The yellow school bus takes a long, long ride before it finally quits. Besides occasionally getting remixed into a bus stop in Atlanta, GA as a part of an arts program, many old yellow buses continue their useful life outside the United States. In Congo, they have become the staple vehicle of public transportation in Kinshasa, first arriving in the early 1980s.
Boxy buses that once carted American children now haul Congo’s impoverished people, young and old — and their loads of preserved fish, powdered milk, beans, onions and cassava. Charging breakneck around the capital, the yellow buses rattle fiercely, as they hurtle through the potholes peppering Kinshasa’s roads. The blinking tail lights that had protected many a child are now either missing or broken.
While many castoff products from rich Western countries find new use in Africa, the ripped T-shirts, faintly treaded shoes and old computers haven’t had their original use quite as thoroughly inverted as the yellow school bus.
Yellow buses symbolize safety and restraint on American roads. Not here in Congo.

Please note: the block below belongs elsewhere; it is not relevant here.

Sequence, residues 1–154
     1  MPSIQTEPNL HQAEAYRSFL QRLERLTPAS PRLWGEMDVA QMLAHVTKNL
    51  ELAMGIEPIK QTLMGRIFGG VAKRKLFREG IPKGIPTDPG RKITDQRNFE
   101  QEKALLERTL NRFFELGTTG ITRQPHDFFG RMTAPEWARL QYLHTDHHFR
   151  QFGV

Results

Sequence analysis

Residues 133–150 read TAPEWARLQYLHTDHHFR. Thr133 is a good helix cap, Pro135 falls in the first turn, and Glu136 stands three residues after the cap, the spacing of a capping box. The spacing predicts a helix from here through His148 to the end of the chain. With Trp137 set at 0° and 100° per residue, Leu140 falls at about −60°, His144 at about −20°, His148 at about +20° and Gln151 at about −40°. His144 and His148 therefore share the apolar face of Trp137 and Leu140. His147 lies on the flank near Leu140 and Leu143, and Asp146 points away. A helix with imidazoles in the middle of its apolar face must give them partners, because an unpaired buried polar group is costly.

“This bus is all about speed,” says Alfonse Musambu, a 39-year-old pastor of a Kinshasa church called The Chandeliers of Gold, sitting in a bus as it barrels across Kinshasa. “Pedestrians are used to it. They know how to get out of the way.” (source)
The American school buses end up in Central and South America, too. Sonny Merryman, a Virginia-based bus company is one of several American distributors who re-ship the buses overseas after about ten years of shuttling American kids. Once they land in their new home, they are customized as needed.
Which leads to an interesting view of quintessentially American products (like the yellow school bus) as just a snapshot in time and space when Americans happen to be the ones using something. In the frame before, a mountain of Canadian ore, and after it, a vessel for transporting chickens. Quiet down in the back please…